There is an on-going debate in both the policy and scientific communities about the impacts that forest treatments to reduce high-severity wildfire risk have on carbon storage in forests. Treatments typically involve cutting down trees to break up the fuel that allows fire to move from the forest floor to the canopy and prescribed burning to reduce surface fuels. Both of these management tools remove and emit carbon back to the atmosphere, a fact that is well established. It is also well established that these treatments are effective at reducing high-severity wildfire risk by changing fire behavior. The result, when fire burns through a treated forest, we tend to have surface fires that kill fewer trees and result in lower emissions of carbon back to the atmosphere.
The reason that there is a debate about whether treatments result in more or less forest carbon is because we cannot predict when and where wildfires will burn. This means that we typically have to treat more forest than will burn in wildfire and treated areas that don’t burn store less carbon than untreated forests (see Campbell et al. 2012). Much like in real estate – it’s all about location, location, location.
In our most recent paper we asked the question: how does the unpredictable nature of fire occurrence alter carbon dynamics between treated and untreated forests? With funding from the Department of Defense’s Strategic Environmental Research and Development Program we conducted a study in Ponderosa pine forest at Camp Navajo in Arizona.
We used field data and the LANDIS-II model to run a series of simulations. We simulated three different conditions: 1) no treatment (control), 2) thinning small trees (thin only), 3) thinning small trees and prescribed burning every 10 years (thin and burn). We also simulated two different chances of wildfire occurring, 1 in 50 and 1 in 100; which means that in any given year, there is either a 2% (1 in 50) or 1% (1 in 100) chance that a wildfire will occur.
As we expected and has been demonstrated before, the amount of carbon in the treated forest is lower than the control in the absence of wildfire. However, when we did simulate wildfire, the thin and prescribed burn treatment stored more carbon than the control after several decades. In the 1 in 50 chance wildfire simulation (solid lines), the thin and burn treatment stored more carbon than the control beginning in year 40 and in the 1 in 100 (dashed lines) chance simulation it was in year 51. The treatment that only thinned small trees ended up with about the same amount of carbon as the control in both cases. These results are because of treatment effects on altering fire behavior.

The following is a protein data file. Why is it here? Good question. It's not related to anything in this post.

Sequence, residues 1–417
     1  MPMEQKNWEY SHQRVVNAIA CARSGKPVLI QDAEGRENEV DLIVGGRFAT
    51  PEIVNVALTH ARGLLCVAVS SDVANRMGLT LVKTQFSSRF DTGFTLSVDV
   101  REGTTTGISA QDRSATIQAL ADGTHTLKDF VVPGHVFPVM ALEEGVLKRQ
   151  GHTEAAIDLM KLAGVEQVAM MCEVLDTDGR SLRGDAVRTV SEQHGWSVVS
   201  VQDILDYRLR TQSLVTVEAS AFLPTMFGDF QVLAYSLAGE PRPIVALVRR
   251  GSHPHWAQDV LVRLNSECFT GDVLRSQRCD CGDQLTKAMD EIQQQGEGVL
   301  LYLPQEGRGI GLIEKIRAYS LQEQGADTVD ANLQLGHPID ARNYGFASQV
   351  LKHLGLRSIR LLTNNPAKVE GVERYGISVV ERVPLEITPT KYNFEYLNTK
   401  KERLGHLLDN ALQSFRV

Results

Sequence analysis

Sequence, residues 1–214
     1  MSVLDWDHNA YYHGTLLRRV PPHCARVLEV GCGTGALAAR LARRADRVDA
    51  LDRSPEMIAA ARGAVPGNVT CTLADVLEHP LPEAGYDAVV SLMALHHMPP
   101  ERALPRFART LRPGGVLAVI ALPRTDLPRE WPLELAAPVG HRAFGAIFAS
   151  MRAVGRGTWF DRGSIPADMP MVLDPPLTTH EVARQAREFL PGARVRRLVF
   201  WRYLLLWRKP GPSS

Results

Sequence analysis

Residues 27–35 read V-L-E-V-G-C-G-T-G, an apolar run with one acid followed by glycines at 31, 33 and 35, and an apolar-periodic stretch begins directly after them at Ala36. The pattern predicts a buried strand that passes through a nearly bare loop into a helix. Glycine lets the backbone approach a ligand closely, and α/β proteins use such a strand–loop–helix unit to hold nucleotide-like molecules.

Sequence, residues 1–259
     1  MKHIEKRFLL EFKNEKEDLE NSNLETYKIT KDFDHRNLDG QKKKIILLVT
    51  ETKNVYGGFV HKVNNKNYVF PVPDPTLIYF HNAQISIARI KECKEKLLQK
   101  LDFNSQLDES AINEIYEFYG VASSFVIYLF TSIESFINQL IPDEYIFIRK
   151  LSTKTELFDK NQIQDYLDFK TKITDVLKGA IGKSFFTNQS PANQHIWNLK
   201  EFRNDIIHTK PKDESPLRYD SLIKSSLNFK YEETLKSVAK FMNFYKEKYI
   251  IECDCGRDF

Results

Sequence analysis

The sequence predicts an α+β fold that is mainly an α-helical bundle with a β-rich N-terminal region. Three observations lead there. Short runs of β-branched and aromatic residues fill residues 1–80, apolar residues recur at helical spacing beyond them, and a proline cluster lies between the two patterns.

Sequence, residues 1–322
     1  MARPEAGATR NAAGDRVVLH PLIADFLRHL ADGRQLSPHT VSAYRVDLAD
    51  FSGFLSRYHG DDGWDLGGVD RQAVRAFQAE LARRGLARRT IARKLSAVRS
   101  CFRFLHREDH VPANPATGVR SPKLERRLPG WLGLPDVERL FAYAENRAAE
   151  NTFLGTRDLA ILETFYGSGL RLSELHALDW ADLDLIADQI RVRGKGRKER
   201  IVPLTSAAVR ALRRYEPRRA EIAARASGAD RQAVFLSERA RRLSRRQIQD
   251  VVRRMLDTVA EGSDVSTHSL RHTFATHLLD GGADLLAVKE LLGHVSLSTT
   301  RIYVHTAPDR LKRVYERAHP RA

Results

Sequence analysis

When a fire burns through the forest, we measure its effect using fire severity. Higher severity means that more trees are killed by the fire. When we calculated the mean fire severity for the different simulations, we found that when the forest was thinned and burned, mean severity was consistently lower.
We also calculated the coefficient of variation (CV) for fire severity. CV is a measure of how variable the results are and when the CV is high, fires at any given location ranged from low to high severity. Thinning alone did little to change how variable the results were and had CV values similar to the control. That is because thinning alone doesn’t deal with the surface fuels the way prescribed burning does. When we thinned and burned, CV was much lower. This means that the mean fire severity was lower and that any given fire tended to be less severe in the thin and burn scenario.
While it might be argued that we need to store more carbon now to limit the impacts of climate change and because our study showed that the forest stores less carbon for the better part of five decades that we shouldn’t do anything. However, our wildfire frequencies were on the low end of the range of frequencies for this area. Changing climate is projected to increase the frequency of large wildfires and this presents a bigger risk for storing carbon in forests. In short, treating forests has upfront carbon costs, but stabilizes the remaining carbon over the long-term.
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